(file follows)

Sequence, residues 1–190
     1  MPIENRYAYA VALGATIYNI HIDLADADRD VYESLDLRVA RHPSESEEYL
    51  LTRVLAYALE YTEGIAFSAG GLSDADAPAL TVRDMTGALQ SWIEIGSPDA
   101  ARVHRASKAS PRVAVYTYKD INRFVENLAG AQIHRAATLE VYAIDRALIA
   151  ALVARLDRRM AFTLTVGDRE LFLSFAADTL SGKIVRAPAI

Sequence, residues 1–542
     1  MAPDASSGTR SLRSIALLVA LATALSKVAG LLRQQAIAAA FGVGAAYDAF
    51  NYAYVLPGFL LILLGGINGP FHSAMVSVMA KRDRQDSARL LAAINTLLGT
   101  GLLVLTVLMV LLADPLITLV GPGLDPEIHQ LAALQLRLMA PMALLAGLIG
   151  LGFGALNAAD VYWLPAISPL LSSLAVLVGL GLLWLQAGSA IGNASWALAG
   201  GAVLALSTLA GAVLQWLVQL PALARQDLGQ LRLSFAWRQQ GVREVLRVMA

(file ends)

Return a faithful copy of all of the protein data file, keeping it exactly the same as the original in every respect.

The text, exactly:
Sequence, residues 1–190
     1  MPIENRYAYA VALGATIYNI HIDLADADRD VYESLDLRVA RHPSESEEYL
    51  LTRVLAYALE YTEGIAFSAG GLSDADAPAL TVRDMTGALQ SWIEIGSPDA
   101  ARVHRASKAS PRVAVYTYKD INRFVENLAG AQIHRAATLE VYAIDRALIA
   151  ALVARLDRRM AFTLTVGDRE LFLSFAADTL SGKIVRAPAI

Sequence, residues 1–542
     1  MAPDASSGTR SLRSIALLVA LATALSKVAG LLRQQAIAAA FGVGAAYDAF
    51  NYAYVLPGFL LILLGGINGP FHSAMVSVMA KRDRQDSARL LAAINTLLGT
   101  GLLVLTVLMV LLADPLITLV GPGLDPEIHQ LAALQLRLMA PMALLAGLIG
   151  LGFGALNAAD VYWLPAISPL LSSLAVLVGL GLLWLQAGSA IGNASWALAG
   201  GAVLALSTLA GAVLQWLVQL PALARQDLGQ LRLSFAWRQQ GVREVLRVMA